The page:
App. 648 (188 S.E.2d 911) (1972), where the employer of a private detective agency was held liable to a third person for an
invasion of privacy committed during the course of an investigation by the agency's personnel, despite the fact that the agency was
employed as an independent contractor. Accord, Greenbaum v. Brooks, 110 Ga. App. 661 (2) (139 S.E.2d 432) (1964). See also
McLeod v. Dean, 270 F. Supp. 855 (DCNY 1967). We accordingly hold that the trial court acted properly in refusing to direct a
verdict or to grant judgment notwithstanding the verdict to Casual Corner based on the independent-contractor defense.
Accord Adams v. F.W. Woolworth Co., 144 Misc. 27, 257 N.Y.S. 776, 781 (Sup. Ct. 1932) ("A store owner who places a
detective agency on his premises for the purpose of protecting his property by various means, including arrests, should not be
immune from responsibility to an innocent victim of a false arrest made by the detective agency, even as an independent
These same principles are applied to an attorney. Thus, whether the attorney who hires the private detective will be held liable for
the torts of the private detective generally depends on whether the attorney exercises independent control over the detective.
Further, even if the attorney does not exercise independent control over the detective, the attorney will be held liable for the
intentional, not negligent, torts of the detective that are committed in the scope of the detective's employment. This was stated in
Committee on Legal Ethics of the West Virginia State Bar v. Lewis, 156 W. Va. 809, 197 S.E.2d 312 (1973):
An attorney, of course, is responsible for the conduct of his investigator in such circumstances when such investigator is
conducting his affairs either with the explicit or implicit knowledge of the attorney. In re Mahan, 228 App. Div. 241, 239 N.Y.S.
392; In re Levine, 210 App. Div. 8, 205 N.Y.S. 589. In view of the long-standing relationship and unquestionable control over the
working procedures of the investigator by the attorney, and reviewing all the circumstances of this case, there is sufficient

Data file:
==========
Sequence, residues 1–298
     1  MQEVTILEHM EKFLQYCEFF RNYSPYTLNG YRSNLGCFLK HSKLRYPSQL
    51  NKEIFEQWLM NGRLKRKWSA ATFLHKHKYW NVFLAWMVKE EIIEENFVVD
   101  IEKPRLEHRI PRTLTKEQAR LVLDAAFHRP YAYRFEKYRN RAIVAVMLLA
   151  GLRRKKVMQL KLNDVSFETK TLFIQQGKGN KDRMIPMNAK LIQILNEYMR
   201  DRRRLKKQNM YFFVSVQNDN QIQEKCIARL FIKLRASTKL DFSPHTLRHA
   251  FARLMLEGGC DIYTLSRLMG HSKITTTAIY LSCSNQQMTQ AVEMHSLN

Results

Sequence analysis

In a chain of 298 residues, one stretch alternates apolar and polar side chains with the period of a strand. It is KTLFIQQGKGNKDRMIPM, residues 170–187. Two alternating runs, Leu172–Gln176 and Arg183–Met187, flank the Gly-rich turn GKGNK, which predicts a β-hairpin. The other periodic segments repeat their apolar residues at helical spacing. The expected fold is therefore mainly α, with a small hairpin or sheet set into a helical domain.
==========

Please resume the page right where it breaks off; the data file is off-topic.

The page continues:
inference of agreed agency to hold the attorney responsible for any action on the part of the investigator.
197 S.E.2d at 316.
An attorney may also be liable for the torts of the detective whom he or she hires on an independent basis of liability: negligent
hiring, negligent supervision, or negligent entrustment. Restatement (Second) of Agency 213 (1958); Noble v. Sears Roebuck &
Co., 33 Cal. App. 3d 654, 109 Cal. Rptr. 29 (1973).
As far as defamation the courts have generally held that a private investigator in the employ of an attorney cannot be liable for
defamation in the course of his/her investigation of a litigant. The courts have reasoned that, because the employer/attorney is
immune from a defamation suit brought by a litigant on the basis of the litigation privilege, the attorney's employee/agent is also
immune. Conversely, if the employee/agent is immune, then the attorney is immune for the defamatory statements of the
employee/agent. The attorney's liability, if any, will stem not from vicarious liability for the defamation, but for negligent supervision.
One hiring a private detective can be held liable for trespass by a detective. This was the case in King v. Loessin, 572 S.W.2d 87
(Tex. Civ. App. 1978). In that case, Delcer King contracted with Smith Detective Services to investigate his competitors. Smith's
employee, Thompson, along with another employee, burglarized the offices of Lawrence Loessin. Of significance to the trial court
was that when King hired Smith he said that he did not particularly care how Smith went about his investigation and that money
was no object in getting the evidence; King implied that he would support criminal activity. This led the court to conclude that a
person who contracts with another to perform a service that is unlawful in itself, even as an independent contractor, is liable for
damages for the unlawful act. Id. at 90.
The possibility exists that a private detective may pursue an investigation too zealously, resulting in tort liability. So long as the
attorney has diligently supervised the case and has made the objective clear, including that the investigation be done in a lawful
manner, liability on the part of the attorney appears to be a slim possibility.
The Investigators, LLC's services are predicated on knowledge of Civil Laws (Torts) and their Defenses which is the primary
foundation for an investigator's perspicacity necessary for evidence discovery and acquisition. Our requisite professional
credentials have earned us the compulsory credibility necessary to elicit and educe cooperation from individuals with relevant and
reliable information. We do more than just take pictures. We know what to look for, what to ask, how to ask, and whom to ask.
Above all, we are committed to the axiomatic norms of professionalism. All investigations are confidential and conducted within the
parameters and limitations of authority using personal initiative in the management of all cases at a nominal expense.